On August 3, 2020, a federal judge in the Southern District of New York held that four provisions of the U.S. Department of Labor’s (DOL) Final Rule (the Final Rule) implementing the Families First Coronavirus Response Act (FFCRA) are invalid.  This ruling is limited for now, as the court did not issue a nation-wide injunction, but its reasoning could be applied in other jurisdictions around the country.  For that reason, employers should be aware that changes to FFCRA obligations may be forthcoming.

As we discussed in a previous post, the FFCRA obligates employers to offer sick leave and expanded family leave to employees who cannot work because of certain reasons related to the pandemic.  At issue here are two major provisions of the FFCRA: Emergency Family and Medical Leave Expansion Act (EFMLEA), which entitles employees to partially paid leave to care for a dependent child due to COVID-19 school or daycare closures, and the Emergency Paid Sick Leave Act (EPSLA), which requires employers to provide paid sick leave to employees who are experiencing one of six qualifying COVID-19-related circumstances.  (See here for additional information.)

After concluding that New York had standing to challenge DOL’s Final Rule, the court considered the validity of four provisions: the work-availability requirement, the definition of health care provider, the prohibition on intermittent leave, and the documentation requirements.

Work-Availability Requirement 

The Final Rule’s “work-availability requirement” provides that an employee may not take paid sick leave where an employer does not have work for the employee.  DOL argued the work-availability requirement applies to all six qualifying COVID-19-related circumstances.  The court disagreed and concluded that, under the explicit language of the Final Rule, the work-availability requirement applies only to three of the six situations: (1) if the employee is subject to a quarantine or isolation order; (2) if the employee is caring for an individual who is subject to a quarantine or isolation order or has been advised by a medical provider to self-quarantine; or (3) if the employee is caring for his or her dependent child due to a school or daycare closure.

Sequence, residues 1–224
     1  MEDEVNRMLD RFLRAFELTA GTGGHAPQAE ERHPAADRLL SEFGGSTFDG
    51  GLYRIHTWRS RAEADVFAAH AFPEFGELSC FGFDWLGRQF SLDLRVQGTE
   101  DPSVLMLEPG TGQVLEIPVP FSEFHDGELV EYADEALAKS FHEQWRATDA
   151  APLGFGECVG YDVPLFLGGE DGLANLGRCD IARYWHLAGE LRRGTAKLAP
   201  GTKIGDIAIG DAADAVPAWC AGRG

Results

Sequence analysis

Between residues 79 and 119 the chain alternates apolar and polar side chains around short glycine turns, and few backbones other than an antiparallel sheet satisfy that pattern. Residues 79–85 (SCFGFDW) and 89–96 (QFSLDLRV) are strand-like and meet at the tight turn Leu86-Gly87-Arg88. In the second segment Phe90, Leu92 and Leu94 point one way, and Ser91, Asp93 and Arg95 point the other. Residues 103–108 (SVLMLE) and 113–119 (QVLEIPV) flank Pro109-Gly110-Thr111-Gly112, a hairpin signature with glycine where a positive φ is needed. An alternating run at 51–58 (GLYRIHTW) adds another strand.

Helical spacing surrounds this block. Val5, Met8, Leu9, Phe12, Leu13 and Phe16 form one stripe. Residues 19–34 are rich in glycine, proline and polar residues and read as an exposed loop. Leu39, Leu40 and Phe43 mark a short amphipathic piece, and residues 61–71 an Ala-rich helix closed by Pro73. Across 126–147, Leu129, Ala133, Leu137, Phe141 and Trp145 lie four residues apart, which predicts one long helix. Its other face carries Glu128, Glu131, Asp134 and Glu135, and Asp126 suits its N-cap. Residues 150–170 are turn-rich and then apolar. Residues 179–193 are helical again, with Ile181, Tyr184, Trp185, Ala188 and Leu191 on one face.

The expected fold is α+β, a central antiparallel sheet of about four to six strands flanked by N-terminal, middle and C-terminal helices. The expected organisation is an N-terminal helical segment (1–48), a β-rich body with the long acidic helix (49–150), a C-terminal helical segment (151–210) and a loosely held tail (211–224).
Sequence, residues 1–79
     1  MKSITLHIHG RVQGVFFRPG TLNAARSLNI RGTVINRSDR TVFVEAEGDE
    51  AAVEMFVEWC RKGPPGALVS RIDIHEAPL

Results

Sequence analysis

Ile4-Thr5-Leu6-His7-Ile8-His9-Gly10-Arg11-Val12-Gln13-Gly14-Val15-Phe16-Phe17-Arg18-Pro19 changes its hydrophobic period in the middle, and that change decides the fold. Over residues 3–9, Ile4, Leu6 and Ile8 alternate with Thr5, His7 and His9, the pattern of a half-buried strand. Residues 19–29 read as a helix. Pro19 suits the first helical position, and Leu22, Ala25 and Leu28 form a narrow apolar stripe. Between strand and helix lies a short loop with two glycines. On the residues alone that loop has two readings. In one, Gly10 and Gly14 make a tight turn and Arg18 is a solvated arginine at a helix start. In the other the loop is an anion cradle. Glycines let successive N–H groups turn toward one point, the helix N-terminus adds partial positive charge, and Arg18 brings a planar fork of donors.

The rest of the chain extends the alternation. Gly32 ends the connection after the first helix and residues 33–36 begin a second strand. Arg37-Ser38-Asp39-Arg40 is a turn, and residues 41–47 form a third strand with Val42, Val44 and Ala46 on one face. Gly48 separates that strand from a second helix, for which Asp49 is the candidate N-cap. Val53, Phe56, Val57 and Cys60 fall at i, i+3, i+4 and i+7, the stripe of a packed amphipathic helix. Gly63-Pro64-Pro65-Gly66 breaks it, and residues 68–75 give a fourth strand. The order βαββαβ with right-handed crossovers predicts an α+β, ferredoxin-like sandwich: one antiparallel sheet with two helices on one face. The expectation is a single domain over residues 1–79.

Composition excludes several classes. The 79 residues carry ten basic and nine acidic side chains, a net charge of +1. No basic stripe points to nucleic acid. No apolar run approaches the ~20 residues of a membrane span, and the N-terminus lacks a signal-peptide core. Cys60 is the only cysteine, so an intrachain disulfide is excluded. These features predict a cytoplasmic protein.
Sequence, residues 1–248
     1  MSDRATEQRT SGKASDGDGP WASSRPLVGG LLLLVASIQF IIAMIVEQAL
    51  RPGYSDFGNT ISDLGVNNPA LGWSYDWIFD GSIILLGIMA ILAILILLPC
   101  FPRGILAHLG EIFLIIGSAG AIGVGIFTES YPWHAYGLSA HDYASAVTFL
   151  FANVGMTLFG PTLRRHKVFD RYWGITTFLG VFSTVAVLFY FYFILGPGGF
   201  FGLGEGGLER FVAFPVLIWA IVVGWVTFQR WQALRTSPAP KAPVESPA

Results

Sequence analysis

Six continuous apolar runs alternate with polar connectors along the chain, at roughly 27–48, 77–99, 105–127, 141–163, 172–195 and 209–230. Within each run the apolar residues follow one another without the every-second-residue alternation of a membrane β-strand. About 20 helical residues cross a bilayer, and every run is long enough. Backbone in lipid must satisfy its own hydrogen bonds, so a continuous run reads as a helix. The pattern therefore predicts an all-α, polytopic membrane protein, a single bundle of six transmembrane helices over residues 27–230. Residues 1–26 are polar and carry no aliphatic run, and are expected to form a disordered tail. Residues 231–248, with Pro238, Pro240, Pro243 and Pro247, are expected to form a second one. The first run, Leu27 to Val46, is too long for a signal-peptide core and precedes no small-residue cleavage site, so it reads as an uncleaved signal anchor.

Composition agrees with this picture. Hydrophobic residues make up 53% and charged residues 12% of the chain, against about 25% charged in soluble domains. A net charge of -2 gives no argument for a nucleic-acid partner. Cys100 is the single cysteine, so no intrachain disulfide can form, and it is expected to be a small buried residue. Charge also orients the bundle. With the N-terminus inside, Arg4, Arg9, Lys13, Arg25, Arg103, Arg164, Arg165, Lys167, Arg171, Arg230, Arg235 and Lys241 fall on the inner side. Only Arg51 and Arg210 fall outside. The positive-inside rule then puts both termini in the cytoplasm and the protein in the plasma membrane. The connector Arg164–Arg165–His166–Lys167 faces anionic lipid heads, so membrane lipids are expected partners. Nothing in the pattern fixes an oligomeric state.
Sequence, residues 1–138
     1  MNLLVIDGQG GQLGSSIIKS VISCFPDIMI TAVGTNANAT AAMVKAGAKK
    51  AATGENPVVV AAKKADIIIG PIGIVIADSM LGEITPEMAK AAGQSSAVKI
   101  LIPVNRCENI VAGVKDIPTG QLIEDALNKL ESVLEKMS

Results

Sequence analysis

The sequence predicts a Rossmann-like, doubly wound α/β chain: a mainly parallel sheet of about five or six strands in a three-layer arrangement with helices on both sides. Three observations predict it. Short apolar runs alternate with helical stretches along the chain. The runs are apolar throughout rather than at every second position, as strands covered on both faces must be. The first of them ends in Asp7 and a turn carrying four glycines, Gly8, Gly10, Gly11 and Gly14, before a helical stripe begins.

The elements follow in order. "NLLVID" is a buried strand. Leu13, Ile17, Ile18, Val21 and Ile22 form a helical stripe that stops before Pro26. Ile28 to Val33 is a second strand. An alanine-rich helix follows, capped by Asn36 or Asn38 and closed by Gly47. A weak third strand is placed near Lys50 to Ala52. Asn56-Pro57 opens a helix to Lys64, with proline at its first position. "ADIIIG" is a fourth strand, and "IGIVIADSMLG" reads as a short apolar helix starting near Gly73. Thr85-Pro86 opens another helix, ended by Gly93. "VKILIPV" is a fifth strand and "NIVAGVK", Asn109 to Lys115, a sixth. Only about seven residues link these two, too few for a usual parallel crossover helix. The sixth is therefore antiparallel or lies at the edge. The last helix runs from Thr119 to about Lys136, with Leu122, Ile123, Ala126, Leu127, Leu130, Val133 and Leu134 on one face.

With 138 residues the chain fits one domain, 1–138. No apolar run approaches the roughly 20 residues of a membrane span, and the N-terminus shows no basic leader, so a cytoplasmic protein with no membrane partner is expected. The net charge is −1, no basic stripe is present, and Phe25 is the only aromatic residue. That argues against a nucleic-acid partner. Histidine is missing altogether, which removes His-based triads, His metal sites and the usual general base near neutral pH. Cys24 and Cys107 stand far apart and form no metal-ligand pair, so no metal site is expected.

The court held that DOL’s differential treatment of three of the six qualifying conditions was not reasonable and lacked sufficient explanation.  Accordingly, the court found the work-availability requirement invalid.

Definition of Health Care Provider 

Under both the EPSLA and EFMLEA, an employer may exclude from benefits an employee who is a “health care provider or an emergency responder.”  The State of New York argued that the DOL’s broad definition of “health care provider” (which includes any employee of a wide range of employers in the medical field) exceeds DOL’s statutory authority.

The court agreed and concluded that DOL’s expansive definition of “health care provider” is unambiguously foreclosed by FFCRA, which requires the employee must be “capable of furnishing healthcare services.”  In so holding, the court reasoned that DOL’s definition would include employees whose work “bears no nexus whatsoever” to the provision of healthcare services.

Intermittent Leave Requirements 

Under DOL’s Final Rule, an employee may take intermittent leave “only if the Employer and Employee agree” and only for certain qualifying circumstances.

The court upheld DOL’s prohibition on intermittent leave as to certain qualifying circumstances because those situations “correspond with an increased risk of infection.”  But the court concluded that the DOL’s requirement for employer consent to intermittent leave for the remaining circumstances is not reasonable because the DOL provided no rationale for that requirement.  The court held the employer-consent requirement for intermittent leave is invalid.

Documentation Requirements

Finally, New York challenged the Final Rule’s requirement that an employee provide documentation to his or her employer prior to taking FFCRA leave.  The court concluded that to the extent the documentation requirements are a precondition to leave, the Final Rule is invalid.

As stated above, Employers should remember that the effect of this ruling is likely limited.  The Southern District of New York did not purport to be implementing a nationwide injunction to invalidate these aspects of the Final Rule across the country.  In addition, there is some question whether the court’s decision will be upheld on appeal.  However, employers should be aware that as other courts consider these provisions, they may agree with the above conclusions.